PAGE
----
NBA

Zion Williamson Is Making Basketball Card Collecting Popular Again

Although he barely recovered from an injury in time to participate in the shortened NBA season, Zion Williamson has been a force in basketball since the age of 16. Not only has the power forward rejuvenated the NCAA and Duke’s NBA reputation, but he has also brought modern attention to a hobby of the past: trading basketball cards.

Zion Williamson and modern basketball card collecting

Trading cards have been synonymous with professional sports since the days of Honus Wagner. But the industry has experienced a renaissance over the past decade. Mike Trout’s signature moved a batch of 2010 cards’ prices into the stratosphere. But Zion appears to be taking prices to a new level. Since the beginning of 2020 alone, Zion cards have reached prices upward of six figures, according to FOX Business.

Limited-edition trading cards are numbered according to the quantity in the set. Particularly rare cards could be numbered 1 of 100 or even 1 of 25. The $100k Zion card purchased in New York? 1-of-1. With no duplicates, it makes sense that the card commands such a premium. And as Zion continues to make waves in the NBA, the price will likely continue to climb.

Trout and Zion’s work restoring the trading card industry hasn’t been without its obstacles. A Dak Prescott fake signature scandal in 2016 attracted the wrong type of new attention to the hobby. But it’s just been a bump in the road as card collecting continued to soar to new heights. There’s no longer a single “Zion Williamson Rookie Card”; there are a number of different print runs and companies that produce them, sometimes with additional features.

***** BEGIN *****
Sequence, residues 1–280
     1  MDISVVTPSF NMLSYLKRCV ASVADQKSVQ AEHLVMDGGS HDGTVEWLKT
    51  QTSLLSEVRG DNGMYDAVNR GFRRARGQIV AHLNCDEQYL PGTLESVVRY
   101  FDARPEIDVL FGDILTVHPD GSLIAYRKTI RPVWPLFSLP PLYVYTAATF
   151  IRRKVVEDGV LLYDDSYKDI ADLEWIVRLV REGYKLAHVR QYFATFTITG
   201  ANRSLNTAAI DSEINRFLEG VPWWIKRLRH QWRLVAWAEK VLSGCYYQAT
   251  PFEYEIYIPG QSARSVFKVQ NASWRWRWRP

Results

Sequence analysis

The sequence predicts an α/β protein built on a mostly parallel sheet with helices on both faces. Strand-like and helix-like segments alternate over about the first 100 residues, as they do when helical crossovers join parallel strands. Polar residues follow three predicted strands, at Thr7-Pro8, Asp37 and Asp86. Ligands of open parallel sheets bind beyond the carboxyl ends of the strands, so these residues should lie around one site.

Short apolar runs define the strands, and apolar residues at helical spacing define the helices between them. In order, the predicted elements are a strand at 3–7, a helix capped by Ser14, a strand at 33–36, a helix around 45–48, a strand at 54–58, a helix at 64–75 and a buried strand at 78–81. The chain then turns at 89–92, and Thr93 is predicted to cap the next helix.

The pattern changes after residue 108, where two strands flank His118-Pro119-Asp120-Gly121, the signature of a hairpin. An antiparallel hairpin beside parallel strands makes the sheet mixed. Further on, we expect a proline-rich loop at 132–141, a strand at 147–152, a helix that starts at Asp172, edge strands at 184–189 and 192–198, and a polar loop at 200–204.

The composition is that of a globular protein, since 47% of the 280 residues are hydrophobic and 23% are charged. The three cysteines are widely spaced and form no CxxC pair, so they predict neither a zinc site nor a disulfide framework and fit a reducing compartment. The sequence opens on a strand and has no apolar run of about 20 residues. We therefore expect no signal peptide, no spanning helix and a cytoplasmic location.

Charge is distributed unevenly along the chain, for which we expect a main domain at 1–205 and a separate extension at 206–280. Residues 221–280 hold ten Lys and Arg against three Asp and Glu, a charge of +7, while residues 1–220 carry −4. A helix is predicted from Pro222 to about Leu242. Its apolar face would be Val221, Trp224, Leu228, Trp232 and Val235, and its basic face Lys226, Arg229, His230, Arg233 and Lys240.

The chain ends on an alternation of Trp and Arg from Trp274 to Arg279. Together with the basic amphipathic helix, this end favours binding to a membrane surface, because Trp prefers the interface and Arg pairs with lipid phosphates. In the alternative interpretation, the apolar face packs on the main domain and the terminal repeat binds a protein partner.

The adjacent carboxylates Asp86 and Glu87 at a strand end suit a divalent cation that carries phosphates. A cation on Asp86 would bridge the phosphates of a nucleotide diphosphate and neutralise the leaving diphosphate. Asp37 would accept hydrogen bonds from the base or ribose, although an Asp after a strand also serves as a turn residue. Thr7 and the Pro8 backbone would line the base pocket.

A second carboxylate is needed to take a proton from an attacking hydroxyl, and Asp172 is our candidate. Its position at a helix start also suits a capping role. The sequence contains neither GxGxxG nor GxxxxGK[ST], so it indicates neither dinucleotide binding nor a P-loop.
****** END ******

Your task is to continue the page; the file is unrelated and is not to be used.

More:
What makes each basketball card unique?

Following the success of Trout’s signed cards, more cards feature player signatures, either digitally replicated or via the player’s own hand. These cards can also feature real fabric swatches from a player’s uniform or even multiple pieces from different parts of the uniform. Sites like Cardboard Connection do an excellent job of tracking all of the variations and their approximate values.

The Big 4 sports aren’t the only ones with top-level trading cards, however. The WWE maintains their own card collections that take exclusivity to a new level.

The memorabilia experts at Beckett compiled a list of some of the WWE’s most-wanted cards, and some of them have eye-popping features. With card inserts cut straight from the wrestling mat, hand-signed autographs, and even lipstick kisses from some of wrestling’s top divas, WWE has made their contribution to the world of collectible cards.

The future of sports and sports cards

Although the UFC triumphantly returned on May 9, other major sports are still on hold. Trading cards give fans a connection to pro players that they can hold on to during the hiatus, and collecting is a temporary replacement for watching the games. The longer sports go without returning, the more avenues fans will look at to fill their time.

The current trading card boom started as the world recovered from a recession, and today’s uncertain times are perfect for picking up the hobby. Despite the eye-popping prices on Zion’s $100k rookie card and some other top sellers (Ja Morant, R.J. Barrett, Rui Hachimura), there are still plenty of cards available for budget prices.

Investing in rookie cards is a great way to back up your gut instinct on a player. If you predict that an underrated rookie from today’s class might go down in history as an all-time great, acquiring their rookie card is a great way to make some money in a few years. The 1-of-1 Zion card turned heads when it was valued at $100k today, but if Williamson goes on to a 20-year career of dominance who can predict where it might end up.